• You know, Ronald Reagan used to quote a Scottish philosopher, who predicted that democracies and civilizations wouldn’t last much longer than a couple hundred years. And John Adams wrote this, “Remember, democracy never lasts long; it soon wastes, exhausts and murders itself. There never was a democracy yet that did not commit suicide.” That’s John Adams. [Willard Romney]
  • Mainstream “super food” scams: Kale, spinach, soy, fake meat, fake milk (soy milk, oat milk, almond milk etc., quinoa veganism... The REAL superfoods: Home made sauerkraut, raw unpasteurized milk, yogurt, butter and kefir, meat stock, bone broth, bone marrow, organ meats. [link]
  • The nicotine stream from an e-cigarette becomes like the internet itself: constant, unbreakable and yearning for their attention. “I was like, ‘I am just consuming way too much nicotine,’” said Ms. Yara, who found herself inhaling more than one Juul pod a day, the equivalent nicotine of a pack of cigarettes. “I hated how if I couldn’t find a vape for a second, I could not do schoolwork.” Ms. Yara returned to cigarettes as a means of decreasing her vape use. So did Emile Osborne, a 22-year-old graphic designer. “I switched back to cigarettes because I thought it would be healthier than Juuling,” he said. “Cigarettes seem like a known evil, whereas vaping you don’t know the side effects at all. I can go out for a cig a few times a day. It’s a break from what I’m doing. That’s my nicotine fix for the day.” [NY Times]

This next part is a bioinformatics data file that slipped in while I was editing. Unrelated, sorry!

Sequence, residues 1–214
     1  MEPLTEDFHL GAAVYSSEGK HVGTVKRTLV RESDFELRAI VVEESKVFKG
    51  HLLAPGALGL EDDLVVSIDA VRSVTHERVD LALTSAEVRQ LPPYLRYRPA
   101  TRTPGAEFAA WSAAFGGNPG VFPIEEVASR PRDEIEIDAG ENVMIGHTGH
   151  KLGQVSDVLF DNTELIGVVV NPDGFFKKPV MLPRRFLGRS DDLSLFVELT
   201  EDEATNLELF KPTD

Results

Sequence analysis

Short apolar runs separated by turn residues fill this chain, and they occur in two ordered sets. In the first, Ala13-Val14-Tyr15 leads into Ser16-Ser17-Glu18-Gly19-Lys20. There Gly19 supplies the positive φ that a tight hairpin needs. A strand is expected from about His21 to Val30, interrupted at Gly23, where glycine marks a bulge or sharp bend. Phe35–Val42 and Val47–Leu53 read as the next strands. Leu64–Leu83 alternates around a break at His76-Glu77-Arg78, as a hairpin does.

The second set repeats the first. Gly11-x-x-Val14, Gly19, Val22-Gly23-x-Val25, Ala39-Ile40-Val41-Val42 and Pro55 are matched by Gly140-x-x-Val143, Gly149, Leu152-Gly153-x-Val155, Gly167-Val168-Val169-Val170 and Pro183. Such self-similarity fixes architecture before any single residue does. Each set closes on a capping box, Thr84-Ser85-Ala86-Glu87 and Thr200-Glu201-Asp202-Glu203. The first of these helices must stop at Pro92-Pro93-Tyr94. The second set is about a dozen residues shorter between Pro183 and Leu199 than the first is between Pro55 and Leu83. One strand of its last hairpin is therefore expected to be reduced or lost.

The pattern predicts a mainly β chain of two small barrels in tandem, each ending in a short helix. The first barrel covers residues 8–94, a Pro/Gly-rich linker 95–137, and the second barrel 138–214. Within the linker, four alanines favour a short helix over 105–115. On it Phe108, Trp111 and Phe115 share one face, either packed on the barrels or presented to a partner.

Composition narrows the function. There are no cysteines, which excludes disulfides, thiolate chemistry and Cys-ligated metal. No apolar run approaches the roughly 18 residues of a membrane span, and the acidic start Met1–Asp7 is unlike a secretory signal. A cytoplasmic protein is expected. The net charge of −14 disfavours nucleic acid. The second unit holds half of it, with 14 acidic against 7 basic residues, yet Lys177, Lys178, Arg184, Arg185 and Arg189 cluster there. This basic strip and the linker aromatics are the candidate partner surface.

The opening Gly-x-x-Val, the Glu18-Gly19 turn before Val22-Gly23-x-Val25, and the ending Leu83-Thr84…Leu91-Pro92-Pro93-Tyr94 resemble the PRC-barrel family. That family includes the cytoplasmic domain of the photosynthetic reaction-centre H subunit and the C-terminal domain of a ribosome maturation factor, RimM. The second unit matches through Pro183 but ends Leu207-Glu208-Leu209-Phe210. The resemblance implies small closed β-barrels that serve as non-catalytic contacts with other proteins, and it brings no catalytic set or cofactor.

• Local real estate prices have served as a consistent and powerful predictor of bank stock prices in the US for the last 20 years. While many investors write banks off as difficult to analyze, this simple concept of using local real estate prices to explain the variation in individual bank stock prices can serve as a critical input in an investor’s bank stock selection. This is not the only relationship I’ve found in bank stocks, but it is one of the most impactful. Because they are heavily regulated, banks are forced to provide the public with additional transparency beyond that which is required of other industries. This results in more granular data relative to what is found in many other industries, making banks well-suited to implementing an industry-specific, data-driven investment strategy. [Verdad Cap]